Our Junior Librarian from 2AM, Harry, has chosen the Book of the Week. It is not an easy task selecting a book which
the librarian believes will appeal to our entire Grimsdell community – from Nursery to Year 2. However, I feel sure
that Harry’s choice will provide a wealth of reading opportunities for all our children.
Harry recommends Ten Little Superheroes by Mike Brownlow and illustrated by Simon Rickerty.
Harry’s reason for his choice: “I love superheroes and this book has every superhero you have ever met!”
Mrs Harvey has no hesitation in recommending Harry’s choice of book. Mike Brownlow’s Ten Little Collection is a very popular series amongst the Grimsdell children. Ten Little Superheroes is a fun-filled rhyming story, which incorporates counting backwards from ten to one, and is great to share with young children who are learning about numbers. It has a wider appeal too – the pictures are exciting and original and add depth to the text. For Key Stage 1 children, the emphasis would be on the changing fonts utilised by the author and his extensive use of onomatopoeia.
The story is presented in a uniquely creative way – the text covers the page at differing angles and this encourages and challenges children to read in a different way, as well as making it exciting and interactive. It persuades the children to think about the author’s intent – why are certain sentences presented in unusual formats? Similarly, the changing style and size of font add another layer of meaning to the book. Why has the author chosen to use different fonts for the differing characters? In this story, the differing fonts mirror the personalities of the various superheroes. In this particular book there are really excellent examples of onomatopoeia. Onomatopoeia is a literary device in which a word is used to represent a sound. Onomatopoeia helps heighten language beyond the literal words on the page. Its sensory effect is used to create particularly vivid imagery—it is as if you are in the text itself, hearing what the author is envisaging. Onomatopoeia is a great way for young children to learn the sounds of language because it translates sounds in the world around us to text. In addition, onomatopoeia makes for great fun when reading aloud. You can experiment with tone of voice, volume levels and facial expressions as you discover new sounds.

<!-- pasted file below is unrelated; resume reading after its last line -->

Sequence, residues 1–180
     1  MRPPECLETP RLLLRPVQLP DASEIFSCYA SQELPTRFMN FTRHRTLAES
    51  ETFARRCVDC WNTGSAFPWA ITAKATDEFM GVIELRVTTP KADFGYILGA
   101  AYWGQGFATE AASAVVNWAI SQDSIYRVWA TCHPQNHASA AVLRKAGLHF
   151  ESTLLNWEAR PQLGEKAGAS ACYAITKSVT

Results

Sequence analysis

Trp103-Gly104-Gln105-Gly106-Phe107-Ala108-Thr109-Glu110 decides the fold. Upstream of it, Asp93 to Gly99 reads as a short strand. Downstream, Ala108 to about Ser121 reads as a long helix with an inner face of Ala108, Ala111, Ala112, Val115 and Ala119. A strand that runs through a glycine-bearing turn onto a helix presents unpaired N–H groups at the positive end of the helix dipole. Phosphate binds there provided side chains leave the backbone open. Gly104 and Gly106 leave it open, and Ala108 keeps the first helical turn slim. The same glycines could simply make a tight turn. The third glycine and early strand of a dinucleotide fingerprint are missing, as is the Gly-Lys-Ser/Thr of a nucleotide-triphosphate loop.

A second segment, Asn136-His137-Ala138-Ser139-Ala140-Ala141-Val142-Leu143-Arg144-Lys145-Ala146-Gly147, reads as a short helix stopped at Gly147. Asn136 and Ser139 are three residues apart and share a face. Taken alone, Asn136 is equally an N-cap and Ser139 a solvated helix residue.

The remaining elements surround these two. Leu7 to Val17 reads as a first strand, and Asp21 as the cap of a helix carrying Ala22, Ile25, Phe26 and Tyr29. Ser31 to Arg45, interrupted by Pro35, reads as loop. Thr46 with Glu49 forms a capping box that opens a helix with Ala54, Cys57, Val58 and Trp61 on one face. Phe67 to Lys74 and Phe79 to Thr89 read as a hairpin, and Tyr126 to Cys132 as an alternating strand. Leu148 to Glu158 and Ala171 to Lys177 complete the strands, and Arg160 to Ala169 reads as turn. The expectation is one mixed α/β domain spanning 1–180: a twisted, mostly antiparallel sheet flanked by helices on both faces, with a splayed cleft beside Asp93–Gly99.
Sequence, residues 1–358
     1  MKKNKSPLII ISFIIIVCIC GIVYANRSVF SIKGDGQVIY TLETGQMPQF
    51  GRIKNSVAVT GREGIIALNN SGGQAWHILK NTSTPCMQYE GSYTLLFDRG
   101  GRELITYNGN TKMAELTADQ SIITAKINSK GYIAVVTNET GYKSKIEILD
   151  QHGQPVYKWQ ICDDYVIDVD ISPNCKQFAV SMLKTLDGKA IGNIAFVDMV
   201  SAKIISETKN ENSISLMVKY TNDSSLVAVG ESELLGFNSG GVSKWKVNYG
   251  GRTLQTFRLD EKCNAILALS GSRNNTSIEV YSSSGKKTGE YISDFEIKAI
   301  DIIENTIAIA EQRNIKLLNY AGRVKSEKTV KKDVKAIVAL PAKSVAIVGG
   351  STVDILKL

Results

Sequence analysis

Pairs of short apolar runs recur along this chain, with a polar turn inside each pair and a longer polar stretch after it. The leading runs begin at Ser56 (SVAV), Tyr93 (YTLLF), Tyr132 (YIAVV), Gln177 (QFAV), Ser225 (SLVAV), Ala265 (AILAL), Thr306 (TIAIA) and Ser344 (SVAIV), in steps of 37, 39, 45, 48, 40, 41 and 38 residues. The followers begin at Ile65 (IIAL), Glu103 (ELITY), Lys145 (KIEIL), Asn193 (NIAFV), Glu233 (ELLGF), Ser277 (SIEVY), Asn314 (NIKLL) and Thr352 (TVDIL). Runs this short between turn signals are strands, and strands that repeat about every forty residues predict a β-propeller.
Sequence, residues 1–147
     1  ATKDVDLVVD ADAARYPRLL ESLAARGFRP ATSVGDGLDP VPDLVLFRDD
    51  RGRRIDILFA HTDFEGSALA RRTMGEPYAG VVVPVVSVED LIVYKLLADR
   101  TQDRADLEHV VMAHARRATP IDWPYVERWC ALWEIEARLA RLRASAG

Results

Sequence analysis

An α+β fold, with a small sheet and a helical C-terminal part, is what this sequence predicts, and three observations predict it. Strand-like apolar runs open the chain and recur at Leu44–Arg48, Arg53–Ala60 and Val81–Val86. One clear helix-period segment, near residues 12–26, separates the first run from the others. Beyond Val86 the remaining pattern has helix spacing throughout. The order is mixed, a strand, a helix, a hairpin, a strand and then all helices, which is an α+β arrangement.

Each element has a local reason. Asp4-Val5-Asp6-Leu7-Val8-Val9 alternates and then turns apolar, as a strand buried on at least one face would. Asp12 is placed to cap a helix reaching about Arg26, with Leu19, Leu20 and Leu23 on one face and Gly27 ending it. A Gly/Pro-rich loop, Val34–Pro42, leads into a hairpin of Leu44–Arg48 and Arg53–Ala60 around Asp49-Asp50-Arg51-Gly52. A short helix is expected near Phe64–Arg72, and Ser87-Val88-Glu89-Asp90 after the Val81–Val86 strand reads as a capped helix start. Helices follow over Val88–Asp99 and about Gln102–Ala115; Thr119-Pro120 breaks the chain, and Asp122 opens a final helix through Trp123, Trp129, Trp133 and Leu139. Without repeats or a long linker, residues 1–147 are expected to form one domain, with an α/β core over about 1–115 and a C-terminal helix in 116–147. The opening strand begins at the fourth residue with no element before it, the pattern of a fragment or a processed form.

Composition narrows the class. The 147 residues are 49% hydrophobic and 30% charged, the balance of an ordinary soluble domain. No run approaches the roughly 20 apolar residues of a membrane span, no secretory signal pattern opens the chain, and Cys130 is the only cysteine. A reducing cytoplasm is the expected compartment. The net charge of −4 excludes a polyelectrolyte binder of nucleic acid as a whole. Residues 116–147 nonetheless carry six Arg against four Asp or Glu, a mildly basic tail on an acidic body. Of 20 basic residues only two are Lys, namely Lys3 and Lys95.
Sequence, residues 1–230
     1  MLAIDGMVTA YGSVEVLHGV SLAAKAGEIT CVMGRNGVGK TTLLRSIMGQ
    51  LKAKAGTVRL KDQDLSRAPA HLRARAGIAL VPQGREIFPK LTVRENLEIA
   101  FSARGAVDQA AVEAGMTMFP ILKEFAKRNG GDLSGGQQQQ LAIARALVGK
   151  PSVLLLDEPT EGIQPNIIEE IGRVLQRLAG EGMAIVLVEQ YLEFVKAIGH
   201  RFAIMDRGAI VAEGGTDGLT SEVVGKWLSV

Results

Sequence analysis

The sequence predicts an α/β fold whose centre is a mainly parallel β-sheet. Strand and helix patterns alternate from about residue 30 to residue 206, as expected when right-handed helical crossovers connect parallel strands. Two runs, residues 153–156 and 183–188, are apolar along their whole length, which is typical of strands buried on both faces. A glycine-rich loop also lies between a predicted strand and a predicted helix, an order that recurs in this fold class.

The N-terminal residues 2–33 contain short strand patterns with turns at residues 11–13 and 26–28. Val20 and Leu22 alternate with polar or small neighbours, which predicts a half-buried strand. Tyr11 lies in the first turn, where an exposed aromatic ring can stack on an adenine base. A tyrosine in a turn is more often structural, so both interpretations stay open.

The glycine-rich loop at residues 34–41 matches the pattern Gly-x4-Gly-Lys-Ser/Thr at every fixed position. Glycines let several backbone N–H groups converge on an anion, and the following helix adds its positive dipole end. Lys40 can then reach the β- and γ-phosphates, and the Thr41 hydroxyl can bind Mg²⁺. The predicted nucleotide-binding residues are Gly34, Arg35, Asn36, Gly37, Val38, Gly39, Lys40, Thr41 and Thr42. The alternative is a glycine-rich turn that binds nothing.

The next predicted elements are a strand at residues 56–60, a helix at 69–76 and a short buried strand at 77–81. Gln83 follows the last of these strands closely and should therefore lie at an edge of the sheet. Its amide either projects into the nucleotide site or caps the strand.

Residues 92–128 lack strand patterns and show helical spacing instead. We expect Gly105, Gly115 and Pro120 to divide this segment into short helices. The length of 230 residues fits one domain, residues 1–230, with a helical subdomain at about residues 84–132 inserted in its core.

This book (and others in the series) is available to borrow from our Grimsdell library.